Each summer, a jury of board game critics from Germany, Switzerland and Austria announces its choice for Game of the Year, or “Spiel des Jahres” (SdJ). The board game world has its fair share of awards, but none are as prestigious or important as the SdJ. The award ensures broad promotion and a healthy sales boost, both in Germany and abroad; previous winners have been undisputed classics like Katan and Qwirkle. Most of the games nominated for the 2016 award were first released in 2015; to be eligible for the award, they had to have been released on the German market within the last 12 months.
Last weekend, we took a deep look at all the nominees in two categories, in 8,000 words, and waited patiently to hear who would come out on top. The winners were announced today.
Perhaps unsurprisingly, the “Spiel des Jahres” grand prize went to the word association parlor game Codenames. Released late last year, Codenames has taken the board game world by storm; Board Game Geek users have quickly voted the title the best board game of all time (with good reason, too). We’ve never introduced the game to anyone – from kids to gamers to grandparents – who didn’t instantly fall in love with it.
In the game, two teams race to cover up cards on a 5×5 grid through word association. Each card contains a single word and the mission is to select only those words that belong to your team. Choosing a word that belongs to the opposing team can give away points, while accidentally selecting the hidden “killer” card immediately ends the match. The only clue as to which cards are safe to select comes from the team’s spymaster, and it can only be one word followed by the number of cards it applies to.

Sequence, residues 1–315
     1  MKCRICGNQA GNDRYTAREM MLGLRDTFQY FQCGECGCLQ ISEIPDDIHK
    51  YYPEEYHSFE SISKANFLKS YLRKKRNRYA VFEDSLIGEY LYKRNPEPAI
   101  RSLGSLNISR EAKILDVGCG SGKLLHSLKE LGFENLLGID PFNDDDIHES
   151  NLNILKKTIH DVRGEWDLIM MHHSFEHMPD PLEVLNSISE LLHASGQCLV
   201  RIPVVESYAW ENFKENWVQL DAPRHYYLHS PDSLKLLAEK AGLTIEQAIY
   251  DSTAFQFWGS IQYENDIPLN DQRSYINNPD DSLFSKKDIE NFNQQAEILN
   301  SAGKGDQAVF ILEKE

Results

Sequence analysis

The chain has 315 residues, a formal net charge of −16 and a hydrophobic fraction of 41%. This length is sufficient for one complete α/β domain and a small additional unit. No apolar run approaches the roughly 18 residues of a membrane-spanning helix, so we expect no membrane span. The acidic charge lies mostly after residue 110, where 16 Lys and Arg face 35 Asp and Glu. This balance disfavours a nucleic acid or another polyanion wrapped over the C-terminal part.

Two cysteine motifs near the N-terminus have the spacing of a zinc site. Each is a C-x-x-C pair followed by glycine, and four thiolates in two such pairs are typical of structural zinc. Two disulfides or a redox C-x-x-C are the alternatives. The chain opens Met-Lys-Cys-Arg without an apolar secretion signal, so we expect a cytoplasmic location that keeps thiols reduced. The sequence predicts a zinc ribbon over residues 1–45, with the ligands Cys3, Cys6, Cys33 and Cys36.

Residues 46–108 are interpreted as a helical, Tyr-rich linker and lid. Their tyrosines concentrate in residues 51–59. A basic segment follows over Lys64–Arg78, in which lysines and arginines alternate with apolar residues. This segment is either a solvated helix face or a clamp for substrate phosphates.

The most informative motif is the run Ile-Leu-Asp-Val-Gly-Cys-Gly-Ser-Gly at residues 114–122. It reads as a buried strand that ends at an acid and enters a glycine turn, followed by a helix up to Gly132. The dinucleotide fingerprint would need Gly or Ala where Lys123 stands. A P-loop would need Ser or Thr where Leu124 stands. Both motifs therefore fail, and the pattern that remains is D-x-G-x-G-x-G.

The other nominees for the SdJ were maze game Karuba and huge Egyptian themed cube pusher Imhotep.
The second category up for grabs was for the “Kennerspiel des Jahres”, which tackles slightly more complex games (although they should still be accessible to a wide audience). Here the winner was a bit more surprising. Tile laying auction game Isle of Skye took the top prize, beating out the powerhouse nominees Pandemic Legacy and TIME Stories. If the prize were only awarded on the basis of huge popularity, pandemic legacy would have been the obvious choice. But Isle of Skye makes sense if you’ve paid attention to previous years’ winners, and the game certainly deserves the recognition. This is the second win in a row for Alexander Pfister and Andreas Pelikan; for which the team also won the Kennerspiel last year Broom service.
In Isle of Skyeplayers place tiles around one Carcassonnelike kingdom – but they buy those tiles from each other. Each round, players prize tiles to sell to their opponents. After a buying round, they build their kingdom based on simple tile placement rules. At the end of each round, one or more of the four scoring conditions are activated and players collect points. It’s a simple game that leaves a lot of room for tough decisions.
The winner of the children’s “Kinderspiel” category was announced earlier this year and that award went to My first stone age. Lion and Mmm! were the other finalists.
Those who want to dig deeper than the three finalists for each award can check out the judges lists with additional “recommended” games for the Spiel des Jahres and the Kennerspiel. The Kennerspiel list in particular is full of great games, including the Viking card layout fighter Seething angerwhich we reviewed earlier this year.
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